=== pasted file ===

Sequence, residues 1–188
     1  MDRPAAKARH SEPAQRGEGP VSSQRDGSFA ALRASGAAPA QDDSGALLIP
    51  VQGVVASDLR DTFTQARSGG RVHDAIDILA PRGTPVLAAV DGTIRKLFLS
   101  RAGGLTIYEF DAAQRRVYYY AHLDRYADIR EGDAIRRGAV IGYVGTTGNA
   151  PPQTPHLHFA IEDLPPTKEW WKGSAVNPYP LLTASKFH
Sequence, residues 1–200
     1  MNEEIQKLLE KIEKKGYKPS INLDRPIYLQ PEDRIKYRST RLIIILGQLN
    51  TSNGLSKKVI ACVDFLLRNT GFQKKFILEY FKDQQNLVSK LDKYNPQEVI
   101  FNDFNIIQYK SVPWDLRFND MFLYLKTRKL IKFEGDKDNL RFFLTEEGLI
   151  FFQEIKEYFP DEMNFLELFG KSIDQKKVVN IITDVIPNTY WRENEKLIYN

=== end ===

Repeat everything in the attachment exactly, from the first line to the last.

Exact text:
Sequence, residues 1–188
     1  MDRPAAKARH SEPAQRGEGP VSSQRDGSFA ALRASGAAPA QDDSGALLIP
    51  VQGVVASDLR DTFTQARSGG RVHDAIDILA PRGTPVLAAV DGTIRKLFLS
   101  RAGGLTIYEF DAAQRRVYYY AHLDRYADIR EGDAIRRGAV IGYVGTTGNA
   151  PPQTPHLHFA IEDLPPTKEW WKGSAVNPYP LLTASKFH
Sequence, residues 1–200
     1  MNEEIQKLLE KIEKKGYKPS INLDRPIYLQ PEDRIKYRST RLIIILGQLN
    51  TSNGLSKKVI ACVDFLLRNT GFQKKFILEY FKDQQNLVSK LDKYNPQEVI
   101  FNDFNIIQYK SVPWDLRFND MFLYLKTRKL IKFEGDKDNL RFFLTEEGLI
   151  FFQEIKEYFP DEMNFLELFG KSIDQKKVVN IITDVIPNTY WRENEKLIYN